Mutual Legal Assistance Treaties And Letters Rogatory: A Guide For Judges


The investigation of transnational criminal conduct often involves gathering evidence located in foreign countries. However, national sovereignty, international treaties, and international law preclude U.S. law enforcement officials from simply flying to a foreign country to conduct searches, question suspects, obtain documents, and proceed with arresting individuals for trial in the United States. In the absence of a foreign country’s agreement to cooperate in a criminal investigation, U.S. prosecutors have limited options. For this reason, transnational cooperation and collaboration in criminal matters is an integral component of contemporary criminal justice systems.

There are two primary means of obtaining evidence for use in a transnational criminal proceeding: a Mutual Legal Assistance Treaty (MLAT) and a letter rogatory. Evidence obtained from abroad through these tools may be presented as part of court proceedings, requiring U.S. judges to be familiar with the legal issues implicated by transnational requests for assistance. In addition, judges should be aware that diplomacy, executive agreements, and information exchange through informal communications also play an important role in transnational criminal investigations.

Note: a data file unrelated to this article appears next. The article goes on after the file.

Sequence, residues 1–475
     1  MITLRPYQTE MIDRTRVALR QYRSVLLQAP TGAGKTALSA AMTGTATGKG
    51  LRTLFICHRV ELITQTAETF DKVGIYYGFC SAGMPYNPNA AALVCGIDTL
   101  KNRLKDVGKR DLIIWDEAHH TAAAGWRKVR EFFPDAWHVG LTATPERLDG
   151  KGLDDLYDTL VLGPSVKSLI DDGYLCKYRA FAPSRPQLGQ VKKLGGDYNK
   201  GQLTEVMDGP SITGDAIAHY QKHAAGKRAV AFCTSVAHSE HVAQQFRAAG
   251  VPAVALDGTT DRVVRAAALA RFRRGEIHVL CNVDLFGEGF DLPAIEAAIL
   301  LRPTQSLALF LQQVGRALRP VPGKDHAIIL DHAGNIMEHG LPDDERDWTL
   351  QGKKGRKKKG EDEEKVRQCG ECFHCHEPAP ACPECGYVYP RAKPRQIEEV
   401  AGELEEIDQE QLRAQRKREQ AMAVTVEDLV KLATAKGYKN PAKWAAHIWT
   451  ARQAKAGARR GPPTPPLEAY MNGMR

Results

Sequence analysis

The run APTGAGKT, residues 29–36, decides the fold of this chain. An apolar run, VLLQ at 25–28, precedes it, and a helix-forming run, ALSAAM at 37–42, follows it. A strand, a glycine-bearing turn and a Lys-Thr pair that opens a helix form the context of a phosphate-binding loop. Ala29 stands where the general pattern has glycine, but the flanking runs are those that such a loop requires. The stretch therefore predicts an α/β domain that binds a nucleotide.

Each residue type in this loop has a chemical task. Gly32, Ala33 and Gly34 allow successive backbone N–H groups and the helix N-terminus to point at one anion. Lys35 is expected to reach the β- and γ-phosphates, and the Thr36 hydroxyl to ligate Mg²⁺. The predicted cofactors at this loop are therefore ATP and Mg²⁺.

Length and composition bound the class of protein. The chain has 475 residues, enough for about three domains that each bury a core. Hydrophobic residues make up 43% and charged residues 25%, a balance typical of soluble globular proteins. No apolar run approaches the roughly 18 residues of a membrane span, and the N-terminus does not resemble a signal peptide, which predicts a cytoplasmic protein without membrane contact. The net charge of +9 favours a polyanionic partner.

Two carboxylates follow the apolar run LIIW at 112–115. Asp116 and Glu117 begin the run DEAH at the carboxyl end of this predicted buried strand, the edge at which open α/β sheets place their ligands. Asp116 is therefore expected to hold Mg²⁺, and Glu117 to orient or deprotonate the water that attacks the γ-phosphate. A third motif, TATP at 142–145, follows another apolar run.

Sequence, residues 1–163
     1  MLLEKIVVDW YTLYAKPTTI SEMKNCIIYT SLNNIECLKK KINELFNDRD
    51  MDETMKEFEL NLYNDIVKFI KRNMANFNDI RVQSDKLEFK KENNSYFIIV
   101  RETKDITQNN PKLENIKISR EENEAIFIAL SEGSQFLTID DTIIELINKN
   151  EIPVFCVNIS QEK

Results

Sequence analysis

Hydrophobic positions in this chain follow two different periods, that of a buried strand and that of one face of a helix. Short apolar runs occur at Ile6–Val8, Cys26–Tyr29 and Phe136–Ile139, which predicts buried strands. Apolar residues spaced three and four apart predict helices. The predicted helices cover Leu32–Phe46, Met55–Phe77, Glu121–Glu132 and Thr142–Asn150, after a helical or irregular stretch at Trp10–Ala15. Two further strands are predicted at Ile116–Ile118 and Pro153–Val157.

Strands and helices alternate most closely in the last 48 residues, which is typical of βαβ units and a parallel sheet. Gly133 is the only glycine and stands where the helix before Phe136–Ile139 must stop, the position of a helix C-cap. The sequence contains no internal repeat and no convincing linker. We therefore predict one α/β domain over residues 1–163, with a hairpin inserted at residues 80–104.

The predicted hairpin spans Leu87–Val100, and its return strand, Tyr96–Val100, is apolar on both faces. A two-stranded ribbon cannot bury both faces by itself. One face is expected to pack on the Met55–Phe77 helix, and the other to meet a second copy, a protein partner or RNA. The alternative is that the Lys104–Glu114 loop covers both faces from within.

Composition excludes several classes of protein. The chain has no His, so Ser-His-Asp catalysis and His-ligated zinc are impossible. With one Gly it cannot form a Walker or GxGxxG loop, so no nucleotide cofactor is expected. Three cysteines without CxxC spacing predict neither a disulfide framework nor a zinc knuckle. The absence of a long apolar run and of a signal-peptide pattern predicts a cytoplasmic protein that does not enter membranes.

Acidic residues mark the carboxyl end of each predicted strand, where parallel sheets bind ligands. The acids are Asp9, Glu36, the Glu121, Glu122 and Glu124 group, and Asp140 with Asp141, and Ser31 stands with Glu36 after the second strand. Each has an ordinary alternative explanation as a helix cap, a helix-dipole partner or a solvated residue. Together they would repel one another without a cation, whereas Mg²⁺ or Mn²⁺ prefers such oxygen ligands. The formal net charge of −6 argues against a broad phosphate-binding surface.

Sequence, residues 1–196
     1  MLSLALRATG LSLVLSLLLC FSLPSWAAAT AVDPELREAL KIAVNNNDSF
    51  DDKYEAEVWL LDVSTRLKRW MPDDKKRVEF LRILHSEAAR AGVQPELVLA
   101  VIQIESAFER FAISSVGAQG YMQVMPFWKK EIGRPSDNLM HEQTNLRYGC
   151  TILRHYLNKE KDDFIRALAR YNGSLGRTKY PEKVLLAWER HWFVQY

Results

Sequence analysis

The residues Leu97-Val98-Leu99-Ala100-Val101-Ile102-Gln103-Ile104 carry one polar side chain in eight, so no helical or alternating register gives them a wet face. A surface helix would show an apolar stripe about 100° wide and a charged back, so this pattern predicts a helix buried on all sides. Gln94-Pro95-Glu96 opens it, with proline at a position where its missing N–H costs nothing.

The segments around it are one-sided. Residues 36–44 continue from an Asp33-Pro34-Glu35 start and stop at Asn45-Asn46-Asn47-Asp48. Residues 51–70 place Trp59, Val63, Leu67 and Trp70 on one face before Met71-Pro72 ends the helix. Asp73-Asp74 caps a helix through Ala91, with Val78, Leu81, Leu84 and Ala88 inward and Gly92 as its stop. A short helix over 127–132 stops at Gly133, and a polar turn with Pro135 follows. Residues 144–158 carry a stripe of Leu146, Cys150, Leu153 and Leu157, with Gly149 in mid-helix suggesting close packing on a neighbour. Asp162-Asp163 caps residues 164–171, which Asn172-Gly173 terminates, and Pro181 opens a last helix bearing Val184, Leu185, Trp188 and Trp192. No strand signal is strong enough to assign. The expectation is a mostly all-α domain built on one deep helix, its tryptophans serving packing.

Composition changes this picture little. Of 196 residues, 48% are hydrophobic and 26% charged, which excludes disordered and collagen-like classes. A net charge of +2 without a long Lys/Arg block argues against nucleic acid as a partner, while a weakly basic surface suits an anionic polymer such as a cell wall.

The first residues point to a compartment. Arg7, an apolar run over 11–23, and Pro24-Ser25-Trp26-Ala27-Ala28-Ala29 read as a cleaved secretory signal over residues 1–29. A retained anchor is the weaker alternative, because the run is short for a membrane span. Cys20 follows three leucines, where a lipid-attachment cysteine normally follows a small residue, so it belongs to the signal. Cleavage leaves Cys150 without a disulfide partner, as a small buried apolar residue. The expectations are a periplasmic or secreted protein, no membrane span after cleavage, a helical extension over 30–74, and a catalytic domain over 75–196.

Requests for transnational assistance requiring judicial oversight most commonly involve activities necessary for proceeding with a criminal investigation or prosecution or a transnational civil proceeding, such as serving subpoenas, locating evidence and individuals, and taking testimony. The court’s role in reviewing these requests will vary depending upon the applicable treaties and foreign law.

Originally Published in the Federal Judicial Center International Litigation Guide - 2014.

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DISCLAIMER: Because of the generality of this update, the information provided herein may not be applicable in all situations and should not be acted upon without specific legal advice based on particular situations.

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